Mountains May Depart

Poster for Mountains May Depart

At once an intimate drama and a decade-spanning epic, the new film from master filmmaker Jia Zhang-ke (A Touch of Sin, The World) jumps from the recent past to the speculative near-future as it examines how China’s economic boom has affected the bonds of family, tradition, and love.

Mountains May Depart opens in 1999 to the strains of the Pet Shop Boys’ Go West, a song whose promise of blue skies captures the dreams of affluence that seized so many Chinese youth at the turn of the century. And it is to the West that small-town dance instructor Shen Tao (Zhao Tao, Shun Li and the Poet) looks when she spurns the shy, introverted labourer Liangzi (Liang Jindong) to marry the slick entrepreneur Zhang (Zhang Yi). The couple soon welcomes a son, whom Zhang names Dollar. The chasm between the family’s origins and their new life of Western-style wealth grows ever wider as the film leaps ahead to 2014 and finally to 2025, when Dollar (Zijian Dong) is living in Australia and struggling to relearn the mother tongue he has forgotten with the help of an attractive, older college professor (Sylvia Chang, The Red Violin, Eat Drink Man Woman) who embodies the culture, life, and love he has never truly known.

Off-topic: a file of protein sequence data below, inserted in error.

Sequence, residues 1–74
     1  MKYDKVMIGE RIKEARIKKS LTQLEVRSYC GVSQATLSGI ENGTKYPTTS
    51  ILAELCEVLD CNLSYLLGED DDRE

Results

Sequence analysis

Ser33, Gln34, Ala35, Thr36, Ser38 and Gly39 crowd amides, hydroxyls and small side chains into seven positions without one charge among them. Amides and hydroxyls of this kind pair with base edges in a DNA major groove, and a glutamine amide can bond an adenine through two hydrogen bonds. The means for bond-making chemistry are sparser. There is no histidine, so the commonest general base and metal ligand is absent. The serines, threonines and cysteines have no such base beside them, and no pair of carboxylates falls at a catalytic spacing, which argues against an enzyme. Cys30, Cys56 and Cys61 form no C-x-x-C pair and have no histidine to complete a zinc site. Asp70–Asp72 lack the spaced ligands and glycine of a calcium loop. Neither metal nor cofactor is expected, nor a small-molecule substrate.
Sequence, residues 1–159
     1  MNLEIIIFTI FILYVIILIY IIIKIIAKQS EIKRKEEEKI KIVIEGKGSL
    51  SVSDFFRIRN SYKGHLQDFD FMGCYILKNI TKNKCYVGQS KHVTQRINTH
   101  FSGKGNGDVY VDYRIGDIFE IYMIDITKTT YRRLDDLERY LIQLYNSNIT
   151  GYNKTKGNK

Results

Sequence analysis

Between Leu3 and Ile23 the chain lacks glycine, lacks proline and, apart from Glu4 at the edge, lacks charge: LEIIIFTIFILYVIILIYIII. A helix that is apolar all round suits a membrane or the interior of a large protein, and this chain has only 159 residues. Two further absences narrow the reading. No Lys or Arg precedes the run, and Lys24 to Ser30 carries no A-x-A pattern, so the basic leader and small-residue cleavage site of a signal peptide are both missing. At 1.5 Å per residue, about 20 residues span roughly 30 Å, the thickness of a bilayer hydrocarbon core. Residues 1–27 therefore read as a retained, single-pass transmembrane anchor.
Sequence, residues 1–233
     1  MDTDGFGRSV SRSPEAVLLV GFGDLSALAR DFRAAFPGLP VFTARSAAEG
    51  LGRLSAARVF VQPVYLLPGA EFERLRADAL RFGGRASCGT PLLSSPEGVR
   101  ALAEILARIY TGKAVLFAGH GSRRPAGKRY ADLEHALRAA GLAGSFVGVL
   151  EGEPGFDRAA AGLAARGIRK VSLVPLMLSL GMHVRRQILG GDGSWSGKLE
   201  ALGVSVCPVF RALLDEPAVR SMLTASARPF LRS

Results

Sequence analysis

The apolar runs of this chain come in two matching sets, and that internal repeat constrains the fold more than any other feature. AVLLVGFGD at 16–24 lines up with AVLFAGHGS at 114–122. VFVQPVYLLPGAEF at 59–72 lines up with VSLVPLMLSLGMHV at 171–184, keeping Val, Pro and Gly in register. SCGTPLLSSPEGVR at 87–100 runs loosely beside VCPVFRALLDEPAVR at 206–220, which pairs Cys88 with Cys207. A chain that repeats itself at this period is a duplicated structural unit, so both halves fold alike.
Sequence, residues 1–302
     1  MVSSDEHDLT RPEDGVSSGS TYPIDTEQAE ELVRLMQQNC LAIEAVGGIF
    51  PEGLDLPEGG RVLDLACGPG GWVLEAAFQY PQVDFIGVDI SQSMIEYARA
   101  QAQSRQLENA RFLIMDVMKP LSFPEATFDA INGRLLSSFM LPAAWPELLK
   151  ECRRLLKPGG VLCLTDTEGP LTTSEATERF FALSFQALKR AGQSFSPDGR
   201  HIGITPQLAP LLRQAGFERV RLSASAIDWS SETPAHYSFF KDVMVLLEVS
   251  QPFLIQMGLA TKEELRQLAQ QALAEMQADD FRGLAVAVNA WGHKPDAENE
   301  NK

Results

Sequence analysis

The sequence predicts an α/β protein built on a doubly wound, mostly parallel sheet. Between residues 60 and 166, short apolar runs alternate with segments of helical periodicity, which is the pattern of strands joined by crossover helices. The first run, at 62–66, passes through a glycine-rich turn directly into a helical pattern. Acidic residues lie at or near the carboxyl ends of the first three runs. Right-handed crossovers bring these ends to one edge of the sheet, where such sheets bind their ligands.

Shooting each of the film’s three time periods in a different aspect ratio—with the square Academy frame gradually expanding to widescreen—Jia creates a prescient chronicle of his country’s path to the future. Lyrical, moving, and dazzlingly ambitious, Mountains May Depart is one of the year’s most important films.

“Its generation-spanning story has serious power, and, in its masterful opening chapter and final sequence, brushes against greatness.” (Robbie Collin, The Telegraph)

“Whatever Jia shows us and wherever he takes us, we’re always aware of being in the hands of one of the contemporary world’s great filmmakers.” (Godfrey Cheshire,

“Jia Zhang-ke’s Mountains May Depart is a mysterious and in its way staggeringly ambitious piece of work from a film-maker whose creativity is evolving before our eyes.” (Peter Bradshaw, The Guardian)